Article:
Engineering, Product

11 Best Practices for Continuous Performance Testing

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Follow these practices for capturing reliable telemetry data to ensure the effectiveness of your continuous performance testing.

Capturing reliable telemetry on your apps is less about which toolchains you use, and more about using them effectively to automate the processes and techniques we discussed in my prior blogs (part 1, part 2, part 3) in this series. Don’t get me wrong, having the right tools is paramount, but when it comes to getting value from your tools, value comes when you maximize the integration and automation, using all of what those tools can offer. When it comes to incorporating and integrating the APM tools on the market you want to keep the following best practices in mind.

1. Leverage hierarchy such as applications and tiers to logically group and represent the business by Process/Functional Group. For example, use application definitions to separate lines of business, or functional groups within the LOB. Also, consider aggregating all your SOA and backend landscapes together as common shared services. Come up with a naming standard and stick to it. Having a standard for naming and/or tagging will go a long way in lessening the complexity challenge in the long-term.

2. Leverage tiers to group together common processes. Tiers should define the boundaries of process groups, where all processes are doing the same thing. Even if they are running separate versions (such as in canary deployments), or in different geographic locations, a common identity should be used to group processes doing the same thing. If you are running multiple applications or app components in a single java process, consider breaking them out into their own processes. This will aid in better understanding the topology and their dependencies.

3. Automate configuration management of monitoring configuration. Your monitoring tool configuration should follow the same mantra of config as code. Keep a tight grip on the definition of the configuration that produces your metrics. Change these configurations in lower environments and promote changes to your monitoring with your deploys.

4. Use the built-in capabilities of your APM tooling to create robust gates during integration and performance tests. Use APIs to integrate with orchestration tools such as Jenkins or TeamCity to fail builds when baselines and trends are violated. Embed links to APM violations in the console logs within these orchestration tools so they surface to developers quickly.

5. Leverage header injection within test harnesses to decorate transactions with test-metadata which can be captured within the APM tools. This will allow you to tie failed transactions to specific points within the scripts driving load and provide valuable context to the developer or test engineer when diagnosing an issue.

6. Expose throughput and response time metrics to the surface through real-time dashboards. These should be considered primary gating metrics for every endpoint on an API and for every component in your app. Everyone should be focused on lowering latency and increasing throughput. If an endpoint’s response time is not predictable, it should be re-written.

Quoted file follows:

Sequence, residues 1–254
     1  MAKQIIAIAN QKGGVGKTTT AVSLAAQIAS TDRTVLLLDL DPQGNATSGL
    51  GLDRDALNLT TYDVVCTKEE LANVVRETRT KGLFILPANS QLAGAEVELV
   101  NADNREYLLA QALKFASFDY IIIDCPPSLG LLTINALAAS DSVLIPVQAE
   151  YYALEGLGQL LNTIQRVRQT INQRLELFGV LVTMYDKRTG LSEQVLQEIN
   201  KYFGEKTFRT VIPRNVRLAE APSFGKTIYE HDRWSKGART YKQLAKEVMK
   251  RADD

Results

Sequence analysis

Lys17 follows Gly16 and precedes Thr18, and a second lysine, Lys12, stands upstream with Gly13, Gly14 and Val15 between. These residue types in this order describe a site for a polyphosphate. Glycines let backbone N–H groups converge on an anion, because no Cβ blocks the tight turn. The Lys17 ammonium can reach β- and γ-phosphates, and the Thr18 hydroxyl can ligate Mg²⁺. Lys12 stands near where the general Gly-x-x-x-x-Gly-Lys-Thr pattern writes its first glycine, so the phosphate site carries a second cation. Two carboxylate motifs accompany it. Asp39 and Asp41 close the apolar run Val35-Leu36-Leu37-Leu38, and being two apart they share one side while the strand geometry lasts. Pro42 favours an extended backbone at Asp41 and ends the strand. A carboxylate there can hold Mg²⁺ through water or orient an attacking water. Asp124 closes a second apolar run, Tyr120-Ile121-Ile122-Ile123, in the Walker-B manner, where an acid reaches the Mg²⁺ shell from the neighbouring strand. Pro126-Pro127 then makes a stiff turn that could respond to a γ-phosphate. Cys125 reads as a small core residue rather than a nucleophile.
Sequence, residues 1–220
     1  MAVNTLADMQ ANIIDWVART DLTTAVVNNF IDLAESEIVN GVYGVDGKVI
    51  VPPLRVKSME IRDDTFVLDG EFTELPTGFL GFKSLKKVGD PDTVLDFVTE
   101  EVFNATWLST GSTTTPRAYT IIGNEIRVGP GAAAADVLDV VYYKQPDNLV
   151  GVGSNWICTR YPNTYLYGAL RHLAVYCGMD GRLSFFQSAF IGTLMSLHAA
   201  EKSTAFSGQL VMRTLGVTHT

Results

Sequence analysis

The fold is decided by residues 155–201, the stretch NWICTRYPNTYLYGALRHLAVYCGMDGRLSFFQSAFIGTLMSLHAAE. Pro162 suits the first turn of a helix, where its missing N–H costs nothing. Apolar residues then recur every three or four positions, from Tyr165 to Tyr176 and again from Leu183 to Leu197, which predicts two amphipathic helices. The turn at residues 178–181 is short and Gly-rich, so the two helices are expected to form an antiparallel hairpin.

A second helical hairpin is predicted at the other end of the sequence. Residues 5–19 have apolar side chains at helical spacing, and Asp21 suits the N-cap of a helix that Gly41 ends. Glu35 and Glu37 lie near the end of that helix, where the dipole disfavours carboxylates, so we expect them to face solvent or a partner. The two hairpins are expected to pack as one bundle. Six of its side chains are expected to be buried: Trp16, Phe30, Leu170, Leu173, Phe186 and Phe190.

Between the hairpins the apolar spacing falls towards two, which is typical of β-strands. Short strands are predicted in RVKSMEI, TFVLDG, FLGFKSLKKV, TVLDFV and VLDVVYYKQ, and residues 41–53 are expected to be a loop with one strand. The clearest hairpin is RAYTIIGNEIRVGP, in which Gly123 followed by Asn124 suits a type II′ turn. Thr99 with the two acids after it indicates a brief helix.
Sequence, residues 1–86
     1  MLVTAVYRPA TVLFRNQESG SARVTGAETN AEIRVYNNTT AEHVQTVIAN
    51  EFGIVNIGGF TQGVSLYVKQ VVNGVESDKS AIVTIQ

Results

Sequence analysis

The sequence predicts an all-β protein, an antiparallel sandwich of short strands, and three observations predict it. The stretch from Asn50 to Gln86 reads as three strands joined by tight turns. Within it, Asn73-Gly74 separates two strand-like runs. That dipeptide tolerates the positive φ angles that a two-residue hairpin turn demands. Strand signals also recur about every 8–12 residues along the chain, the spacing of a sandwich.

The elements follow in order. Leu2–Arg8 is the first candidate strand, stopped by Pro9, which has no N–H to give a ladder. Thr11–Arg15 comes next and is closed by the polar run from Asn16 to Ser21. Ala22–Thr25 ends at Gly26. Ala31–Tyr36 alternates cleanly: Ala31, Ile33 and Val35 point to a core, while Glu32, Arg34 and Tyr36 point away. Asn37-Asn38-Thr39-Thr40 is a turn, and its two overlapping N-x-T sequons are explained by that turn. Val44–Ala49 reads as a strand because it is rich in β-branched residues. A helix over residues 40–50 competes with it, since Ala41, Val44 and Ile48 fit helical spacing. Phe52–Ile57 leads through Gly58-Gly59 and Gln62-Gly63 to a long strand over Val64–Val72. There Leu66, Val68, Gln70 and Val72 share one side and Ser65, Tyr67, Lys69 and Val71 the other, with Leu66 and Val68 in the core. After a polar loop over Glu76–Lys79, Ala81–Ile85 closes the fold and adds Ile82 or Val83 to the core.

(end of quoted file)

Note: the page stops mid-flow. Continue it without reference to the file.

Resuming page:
7. Integrate your pipeline orchestration tools to signal to your APM software when something is happening. Signal the start and completion of jobs which deploy software, execute tests, etc… Doing this will ensure you can overlay events that change the environment with performance data enabling you to see the impact of the change in real time.

8. Performance metrics used as gates such as Response Time and Transactions Per Second should be incorporated with other quality gating metrics such as those tracked in tools like Sonar.

9. Automate performance tests so components are routinely taken to the break point. Create an environment with the flexibility and automation that will allow the parallel execution of performance test cases with ease.

10. Leverage mocks in component tests, leverage dependencies in system-wide tests. Mocking will allow you to test components in isolation and should allow you to play out any number of scenarios under duress.

11. Test continuously, and when something breaks, it must be fixed before anything else can happen.

In this blog series, we have examined the principles of performance engineering, component testing and how to achieve robust lean-agile states. We talked about app decomposition and the importance of defining a strategy for measuring applications and components as well as 4 types of performance test cases I personally use as the basis for understanding application performance. I hope you found these as useful as I enjoyed writing them!

Colin Fallwell

Colin Fallwell

Colin Falwell is a Sr. Architect of DevOps and Performance Engineering at AppDynamics, charged with leading AppDynamics integrations to better support enterprises in improving performance and achieving business outcomes. Prior to AppDynamics, Colin held performance architect leadership roles at Intuit and Compuware and co-founded his own startup.